Triests-Italy: Verdi


The stamps in the set are the same as those issued by Italy in 1951, but having an overprint. The set pays homage to Verdi; the second stamp (Scott 139) includes an organ facade. One can view my discussion of the Italian stamps for more information on the organ.

Trieste is of course a city in Italy now. From 1947 to 1954 it was an independent territory. In 1954 the territory was divided with Italy taking the northern portion and Yugoslavia taking the southernmost region. For a time the territory issued it's own stamps. Many of these were simply Italian stamps with an overprint added. Two versions of the overprint are used on the three stamps in this set, so as to interfere with the vignette minimally.

Click the stamp image to see the whole group of three stamps.

People's Republic of Congo: Bach

The People's Republic of Congo issued this stamp in 1985 as part of a set of five stamps. Each of the stamps commemorated various anniversaries or events. Included: 75th anniversary of Girl Guides; Jacob Grimm, the fabulist; the present stamp for the 300th anniversary of the birth of JS Bach; the 85th birthday of the Queen Mother in Great Britain; the centennial of the Statue of Liberty in New York. Scott 737 is denominated 350f and includes a likeness of the composer and the facade of a pipe organ. The organ is not identified; it is however, quite distinctive. The gold pipe shades and the angel atop the central portion of the facade are striking, and one would suppose not generic nor the work of an artist working without a model. One with a broader knowledge of organs might be able to identify it; I am, however, not.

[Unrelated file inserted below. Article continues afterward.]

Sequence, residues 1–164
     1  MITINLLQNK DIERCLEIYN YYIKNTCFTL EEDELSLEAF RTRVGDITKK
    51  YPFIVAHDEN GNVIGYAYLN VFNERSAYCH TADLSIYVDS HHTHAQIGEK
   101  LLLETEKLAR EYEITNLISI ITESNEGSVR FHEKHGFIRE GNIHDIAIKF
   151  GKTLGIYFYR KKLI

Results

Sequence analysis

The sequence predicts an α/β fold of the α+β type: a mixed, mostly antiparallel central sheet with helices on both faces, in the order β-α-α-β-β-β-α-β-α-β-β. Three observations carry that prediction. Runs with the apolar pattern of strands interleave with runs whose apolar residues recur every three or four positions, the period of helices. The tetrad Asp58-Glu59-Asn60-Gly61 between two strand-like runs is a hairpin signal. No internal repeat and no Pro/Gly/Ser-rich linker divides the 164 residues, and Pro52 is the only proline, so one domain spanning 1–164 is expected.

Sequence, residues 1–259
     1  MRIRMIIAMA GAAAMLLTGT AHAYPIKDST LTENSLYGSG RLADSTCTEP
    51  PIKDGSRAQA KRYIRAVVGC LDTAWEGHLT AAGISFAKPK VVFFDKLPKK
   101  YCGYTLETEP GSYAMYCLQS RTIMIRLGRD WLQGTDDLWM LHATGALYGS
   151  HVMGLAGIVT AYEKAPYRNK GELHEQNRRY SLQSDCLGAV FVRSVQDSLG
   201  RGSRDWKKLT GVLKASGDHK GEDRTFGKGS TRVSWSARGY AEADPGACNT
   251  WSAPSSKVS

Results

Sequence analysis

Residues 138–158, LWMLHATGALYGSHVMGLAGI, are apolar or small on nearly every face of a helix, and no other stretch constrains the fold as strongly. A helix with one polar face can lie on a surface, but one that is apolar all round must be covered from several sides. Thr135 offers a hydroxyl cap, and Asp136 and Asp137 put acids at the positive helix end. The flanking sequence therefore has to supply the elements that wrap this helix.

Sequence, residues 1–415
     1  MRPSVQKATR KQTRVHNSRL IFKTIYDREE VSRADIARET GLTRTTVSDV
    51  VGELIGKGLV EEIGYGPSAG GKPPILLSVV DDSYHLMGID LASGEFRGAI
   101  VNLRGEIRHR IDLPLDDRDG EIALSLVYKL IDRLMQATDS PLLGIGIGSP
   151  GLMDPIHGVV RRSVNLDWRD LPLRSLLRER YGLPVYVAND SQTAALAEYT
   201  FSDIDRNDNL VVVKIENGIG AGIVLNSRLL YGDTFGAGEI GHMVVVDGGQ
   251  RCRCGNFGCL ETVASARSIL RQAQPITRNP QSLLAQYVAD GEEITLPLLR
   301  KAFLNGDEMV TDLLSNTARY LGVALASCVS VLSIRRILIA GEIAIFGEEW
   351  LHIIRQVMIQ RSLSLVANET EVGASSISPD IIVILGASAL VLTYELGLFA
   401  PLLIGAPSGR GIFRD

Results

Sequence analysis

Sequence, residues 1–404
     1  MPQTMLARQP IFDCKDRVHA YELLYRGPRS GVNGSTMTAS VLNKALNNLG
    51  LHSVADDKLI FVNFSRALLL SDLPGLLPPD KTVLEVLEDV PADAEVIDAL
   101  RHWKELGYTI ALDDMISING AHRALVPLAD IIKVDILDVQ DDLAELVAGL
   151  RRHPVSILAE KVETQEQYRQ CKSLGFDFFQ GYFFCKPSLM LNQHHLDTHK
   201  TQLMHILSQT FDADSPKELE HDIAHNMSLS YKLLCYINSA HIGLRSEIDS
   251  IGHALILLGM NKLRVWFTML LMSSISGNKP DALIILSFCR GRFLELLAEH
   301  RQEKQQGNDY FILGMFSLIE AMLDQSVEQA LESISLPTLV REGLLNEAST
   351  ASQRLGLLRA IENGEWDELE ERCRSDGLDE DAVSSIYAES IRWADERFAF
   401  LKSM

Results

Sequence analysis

St Paul's Cathedral, London, UK

Postal authorities in Great Britain issued this mini-sheet of four stamps in May, 2008. It was part of the set that featured cathedrals and organs around the UK. The other individual stamps in the set were black and white. This sheet is in color.

It features four stamps showing the crossing in St Paul's Cathedral, London. In the lower left stamp one can see part of the casework for the organ. The mini-sheet (Scott 2580) denominates two of the stamps at the 1st Class rate and two stamps at 81p. One also gets a view of the pulpit, part of the dome, and the choir on this mini-sheet.